Many aspects of the pathology in beta-hemoglobinopathies (beta-thalassemia and sickle cell anemia) are mediated by oxidative stress. Fermented papaya preparation (FPP) was tested for its antioxidant effects: the scavenging effect was determined spectrofluorometrically in a cell-free system using 2'-7'-dichlorofluorescin-diacetate (DCF). Both spontaneous and H(2)O(2)-induced DCF oxidations were decreased by FPP in a dose-dependent fashion. Using flow cytometry, it was shown that in vitro treatment of blood cells from beta-thalassemic patients with FPP increased the glutathione content of red blood cells (RBC), platelets and polymorphonuclear (PMN) leukocytes, and reduced their reactive oxygen species, membrane lipid peroxidation and externalization of phosphatidylserine. These effects result in (a) reduced thalassemic RBC sensitivity to hemolysis and phagocytosis by macrophages; (b) improved PMN ability to generate oxidative burst - an intracellular mechanism of bacteriolysis, and (c) reduced platelet tendency to undergo activation, as reflected by fewer platelets carrying external phosphatidylserine. Oral administration of FPP to beta-thalassemic mice (50 mg/mouse/day for 3 months) and to patients (3 g x 3 times/day for 3 months), reduced all the above mentioned parameters of oxidative stress (p < 0.001 in mice and p < 0.005 in patients). These results suggest that FPP, as a potent antioxidant, might alleviate symptoms associated with oxidative stress in severe forms of thalassemia.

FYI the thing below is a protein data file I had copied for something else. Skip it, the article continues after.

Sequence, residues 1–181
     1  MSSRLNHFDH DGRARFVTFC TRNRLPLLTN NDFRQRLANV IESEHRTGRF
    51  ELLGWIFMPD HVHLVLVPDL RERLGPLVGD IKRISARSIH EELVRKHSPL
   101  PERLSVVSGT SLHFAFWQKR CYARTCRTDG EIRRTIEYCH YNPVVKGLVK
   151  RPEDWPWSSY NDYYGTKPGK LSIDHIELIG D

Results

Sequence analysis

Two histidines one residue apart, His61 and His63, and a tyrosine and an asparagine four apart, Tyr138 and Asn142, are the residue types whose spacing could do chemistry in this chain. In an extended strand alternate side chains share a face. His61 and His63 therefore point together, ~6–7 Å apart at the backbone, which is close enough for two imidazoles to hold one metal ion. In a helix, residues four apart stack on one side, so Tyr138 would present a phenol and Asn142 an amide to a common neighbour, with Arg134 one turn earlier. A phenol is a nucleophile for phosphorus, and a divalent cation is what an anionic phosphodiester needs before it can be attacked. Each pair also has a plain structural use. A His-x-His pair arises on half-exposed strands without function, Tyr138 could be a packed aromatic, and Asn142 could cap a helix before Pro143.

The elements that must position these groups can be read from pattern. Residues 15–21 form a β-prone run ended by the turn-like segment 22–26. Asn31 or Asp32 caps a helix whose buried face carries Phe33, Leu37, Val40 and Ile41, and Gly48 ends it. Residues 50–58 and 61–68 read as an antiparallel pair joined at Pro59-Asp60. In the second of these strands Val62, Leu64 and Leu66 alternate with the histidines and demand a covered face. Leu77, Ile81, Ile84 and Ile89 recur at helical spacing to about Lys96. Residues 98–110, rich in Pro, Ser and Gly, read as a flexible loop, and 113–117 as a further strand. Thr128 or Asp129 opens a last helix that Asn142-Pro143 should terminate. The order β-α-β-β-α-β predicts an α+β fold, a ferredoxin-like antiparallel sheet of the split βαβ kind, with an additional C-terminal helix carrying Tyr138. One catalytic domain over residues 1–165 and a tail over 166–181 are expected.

Copyright (c) 2008 John Wiley & Sons, Ltd.